[Tutorial] Pagination

I’ve written a tutorial on how to add pagination to the blog you create when following the official RW tutorial. Think of it like an optional add-on step to the official tutorial.

The screenshot shows what the tutorial helps you build. (Note the pagination at the bottom.)

It’s heavily inspired by the official example blog code here: https://github.com/redwoodjs/example-blog

When I first started building with Redwood and I wanted to add pagination I found that example, but I didn’t know Apollo and Prisma well enough to be able to use it. I wished there was some tutorial or other explanatory text to go along with the code example.

This is me writing what I wished existed when I first got started

https://tlundberg.com/blog/2020-09-16/redwood-pagination-tutorial/

6 Likes

Thanks so much @Tobbe :rocket:

I vote to make this a Redwood Cookbook article :+1:

All in favor??

2 Likes

I’ve been waiting for this, thank you for writing it up! Look forward to reading it properly :slight_smile:

It’d be an honor. I’ll get a PR up next week

Hmmmmm… what about this? https://github.com/redwoodjs/redwoodjs.com/pull/376

Err. lolwut? That’s a copy/paste of my blog post…

ha! Well, then, should I put you in charge of the Review and Approval?

:rofl:

1 Like

@Tobbe @dthyresson
Just saw this “Pagination helpers” section for Apollo v3. Passing along in case you find it helpful:

I’m not that familiar with Relay, but it looks like Apollo Client has added features to make it “eas[ier] to consume paginated lists from Relay-friendly GraphQL servers”

So, for Redwood Cells, I imagine this could come into play if Redwood’s GraphQL was “relay friendly”.

And after a little reading that mean: https://relay.dev/docs/en/graphql-server-specification.html#preface

  1. A description of how to page through connections.

Which looks like some edges and nodes to make it easy to page through – which I’m assuming is really good for infinite scrolls and the like: next, next, next, next. Rather than say, table lists where you want to go to page 5 of a long list.

uery EndOfRebelShipsQuery {
  rebels {
    name,
    ships(first: 3 after: "YXJyYXljb25uZWN0aW9uOjE=") {
      edges {
        cursor,
        node {
          name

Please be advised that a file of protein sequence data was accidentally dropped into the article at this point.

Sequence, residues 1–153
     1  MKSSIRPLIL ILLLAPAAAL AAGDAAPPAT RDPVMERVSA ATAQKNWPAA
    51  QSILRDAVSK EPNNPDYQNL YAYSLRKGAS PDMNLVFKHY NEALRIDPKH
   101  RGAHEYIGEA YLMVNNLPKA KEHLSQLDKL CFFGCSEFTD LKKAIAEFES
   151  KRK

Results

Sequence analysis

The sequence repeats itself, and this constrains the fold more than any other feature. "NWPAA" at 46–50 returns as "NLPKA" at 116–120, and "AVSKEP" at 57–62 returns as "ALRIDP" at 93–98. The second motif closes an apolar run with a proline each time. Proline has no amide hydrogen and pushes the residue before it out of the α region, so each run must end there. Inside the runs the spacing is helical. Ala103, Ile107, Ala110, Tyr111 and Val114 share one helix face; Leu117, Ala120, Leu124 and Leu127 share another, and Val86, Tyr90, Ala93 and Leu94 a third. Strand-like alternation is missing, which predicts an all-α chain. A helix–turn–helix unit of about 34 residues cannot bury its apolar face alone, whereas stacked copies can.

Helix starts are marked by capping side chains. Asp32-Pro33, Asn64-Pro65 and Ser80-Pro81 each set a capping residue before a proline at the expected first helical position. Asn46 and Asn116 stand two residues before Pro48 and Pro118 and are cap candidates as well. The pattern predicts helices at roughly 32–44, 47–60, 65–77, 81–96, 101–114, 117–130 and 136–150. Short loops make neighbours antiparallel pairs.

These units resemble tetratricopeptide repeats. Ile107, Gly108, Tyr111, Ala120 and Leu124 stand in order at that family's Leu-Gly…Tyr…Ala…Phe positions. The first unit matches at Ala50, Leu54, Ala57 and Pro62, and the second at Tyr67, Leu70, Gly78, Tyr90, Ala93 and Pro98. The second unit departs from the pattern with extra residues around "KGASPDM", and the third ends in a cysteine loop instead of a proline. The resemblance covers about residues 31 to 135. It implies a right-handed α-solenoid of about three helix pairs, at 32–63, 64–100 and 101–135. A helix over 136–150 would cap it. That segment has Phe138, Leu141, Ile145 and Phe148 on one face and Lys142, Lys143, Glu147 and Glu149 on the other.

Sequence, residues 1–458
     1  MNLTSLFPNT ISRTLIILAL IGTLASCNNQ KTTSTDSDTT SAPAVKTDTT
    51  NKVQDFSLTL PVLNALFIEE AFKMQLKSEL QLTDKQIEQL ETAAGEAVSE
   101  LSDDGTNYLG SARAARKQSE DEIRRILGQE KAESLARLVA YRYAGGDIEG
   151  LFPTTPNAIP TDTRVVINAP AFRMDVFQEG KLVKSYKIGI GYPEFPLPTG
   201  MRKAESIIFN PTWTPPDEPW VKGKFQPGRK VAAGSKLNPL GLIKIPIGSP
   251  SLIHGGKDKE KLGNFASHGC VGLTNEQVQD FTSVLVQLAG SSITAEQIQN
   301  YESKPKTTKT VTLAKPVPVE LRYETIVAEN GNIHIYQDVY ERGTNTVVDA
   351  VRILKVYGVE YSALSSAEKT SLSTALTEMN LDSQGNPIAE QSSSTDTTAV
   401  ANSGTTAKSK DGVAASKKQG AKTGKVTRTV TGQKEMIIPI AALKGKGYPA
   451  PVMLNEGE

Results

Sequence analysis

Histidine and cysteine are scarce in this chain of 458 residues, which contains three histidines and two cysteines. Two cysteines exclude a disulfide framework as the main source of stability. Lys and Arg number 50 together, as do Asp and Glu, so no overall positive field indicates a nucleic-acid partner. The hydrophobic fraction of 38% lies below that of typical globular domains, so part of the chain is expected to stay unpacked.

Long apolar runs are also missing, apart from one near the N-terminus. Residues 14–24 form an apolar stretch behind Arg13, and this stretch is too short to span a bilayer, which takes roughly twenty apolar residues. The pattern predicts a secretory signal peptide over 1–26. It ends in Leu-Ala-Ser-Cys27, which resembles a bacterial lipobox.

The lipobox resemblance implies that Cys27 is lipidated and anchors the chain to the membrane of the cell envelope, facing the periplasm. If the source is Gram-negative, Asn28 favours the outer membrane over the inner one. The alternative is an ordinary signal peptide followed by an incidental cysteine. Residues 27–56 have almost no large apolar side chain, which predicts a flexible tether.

}
      }
    }
  }
}

which gives you

{
  "rebels": {
    "name": "Alliance to Restore the Republic",
    "ships": {
      "edges": [
        {
          "cursor": "YXJyYXljb25uZWN0aW9uOjI=",
          "node": {
            "name": "A-Wing"
          }
        },
        {
          "cursor": "YXJyYXljb25uZWN0aW9uOjM=",
          "node": {
            "name": "Millenium Falcon"
          }
        },
        {
          "cursor": "YXJyYXljb25uZWN0aW9uOjQ=",
          "node": {
            "name": "Home One"
          }
        }
      ]
    }
  }
}

I guess the cells (or something else) would have to assemble the edges and nodes to present the data. (Maybe the Relay client does this for you? That would be nice.)

This is a good take: https://www.apollographql.com/blog/understanding-pagination-rest-graphql-and-relay-b10f835549e7/

  • paged (ie, limit/offset pagination)
  • infinte scroll
  • cursor-based

So many different ways - depending on what your app needs.

Maybe at some point there is a cookbook for an “infinite scroll” where some identifier denotes the last position and fetch a chunk of data beyond that. You’d need some identifier that was unique and sortable though I believe.

More reading here: https://www.apollographql.com/blog/explaining-graphql-connections-c48b7c3d6976/

The cursor scroll approach works great when you add more and more to the list and you are fetching form the top, then the idea of a page or offset is a moving target:

If the user was on page 1 when the records were added and now navigates to page 2, they will see records 11–15 again! However, a worse scenario is if the user is on page 2 when the records were added and now they navigate to page 1 and will never see records 11–15!

When your core product revolves around a list, like Facebook, it is imperative that you get pagination right. Both scenarios where the user either sees posts twice or the user misses a few posts entirely are unacceptable. Since cursor-based pagination can help avoid this flaw, it makes sense that Facebook always uses cursor-based pagination.

So tldr; what we have in the cookbook is limit/offset pagination :wink: but a cursor/infinite scroll one could be very useful as well – especially when trying to define the cursor identifier. I am not 100% sure that Prisma cuids are sortable, but perhaps they are.

1 Like

I looked at doing cursor-based pagination, but decided to go with regular limit/offset pagination because I wanted the tutorial to be as easy to follow as possible. Sure, there might be some weirdness if three new posts are added to the blog while a user is on a specific page. If the user goes to the next page, the three last posts on the page the user was previously on would appear on the new page they went to as well. But usually posts aren’t added to a blog fast enough for this to be a real problem.

Infinite scroll could be interesting. And that could be added no matter what kind of paging you’re using. But, again, in the interest of keeping the tutorial as easy as possible I skipped this.

1 Like

Haha, found this issue comment regarding the new field policy stuff in Apollo Client 3

Field policies are so confusing that the more I am trying to understand and reading through issues the more I am getting confused!
Can you guys just clear things out on a video or docs. Its really hard to implement pagination with field policies I am finding

- https://github.com/apollographql/apollo-client/issues/6481#issuecomment-699672963

100% agree. And for things like paginated tables for “scaffold crud” it suits the use case better.